Step 8. After the injection

Step 8. After the injection

After the injection, there should be a small induration or bleb on the skin. If there is a little bleeding, this can be wiped away. There is no need to cover the injection site with a dressing or bandage, and no need to mark the spot (having a large circle or an X on the forearm may be stigmatizing, particularly for children).

Step 9. Take photographs (for mHealth – if applicable)

If an mHealth QC programme is in place, then the provider should take several photographs of the injection site. The syringe should be placed with gradation markings visible, 2 cm away from the injection site (towards the elbow). Once the patient has left, the best three photographs should be sent to the supervisor.

Step 10. Provide post-TST care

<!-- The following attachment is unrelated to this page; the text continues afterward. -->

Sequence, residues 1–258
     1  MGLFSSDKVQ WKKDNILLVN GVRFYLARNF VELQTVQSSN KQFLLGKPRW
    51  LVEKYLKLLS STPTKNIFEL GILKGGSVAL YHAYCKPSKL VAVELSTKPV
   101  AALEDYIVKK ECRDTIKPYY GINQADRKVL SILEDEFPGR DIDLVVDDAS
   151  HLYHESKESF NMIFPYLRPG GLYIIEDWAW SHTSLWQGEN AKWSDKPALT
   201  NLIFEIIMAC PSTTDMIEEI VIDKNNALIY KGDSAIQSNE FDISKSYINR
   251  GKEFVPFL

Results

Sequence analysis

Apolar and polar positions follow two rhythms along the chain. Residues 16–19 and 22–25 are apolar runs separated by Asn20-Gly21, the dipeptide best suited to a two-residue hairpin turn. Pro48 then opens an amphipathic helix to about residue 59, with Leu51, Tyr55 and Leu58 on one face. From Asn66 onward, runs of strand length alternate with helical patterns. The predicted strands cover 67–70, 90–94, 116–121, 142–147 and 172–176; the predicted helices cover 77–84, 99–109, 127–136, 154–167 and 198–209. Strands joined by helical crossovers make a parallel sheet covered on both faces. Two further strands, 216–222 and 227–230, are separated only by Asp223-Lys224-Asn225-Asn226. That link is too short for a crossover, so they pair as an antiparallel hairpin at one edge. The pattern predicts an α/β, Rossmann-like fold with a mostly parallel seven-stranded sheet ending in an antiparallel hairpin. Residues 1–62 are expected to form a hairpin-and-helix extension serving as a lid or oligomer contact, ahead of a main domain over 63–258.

The patient should remain seated in the clinic area for 10–15 minutes. This is for surveillance in case of allergy or anaphylaxis, which is rare (1 per million) (25), or vasovagal fainting, which is much more common than anaphylaxis and can result in injury from an unprotected fall. If an individual feels faint during or after injection, then ensure that the person is protected from falling and immediately record vital signs, particularly blood pressure and heart rate. If the heart rate is rapid and the blood pressure low, and particularly if there are any other signs of anaphylaxis, provide care for a potential anaphylactic reaction. If the heart rate is low (<60 beats per minute), then this is much more likely to be a simple vasovagal faint. Position the patient with their head down and use other manoeuvres effective for vasovagal reaction.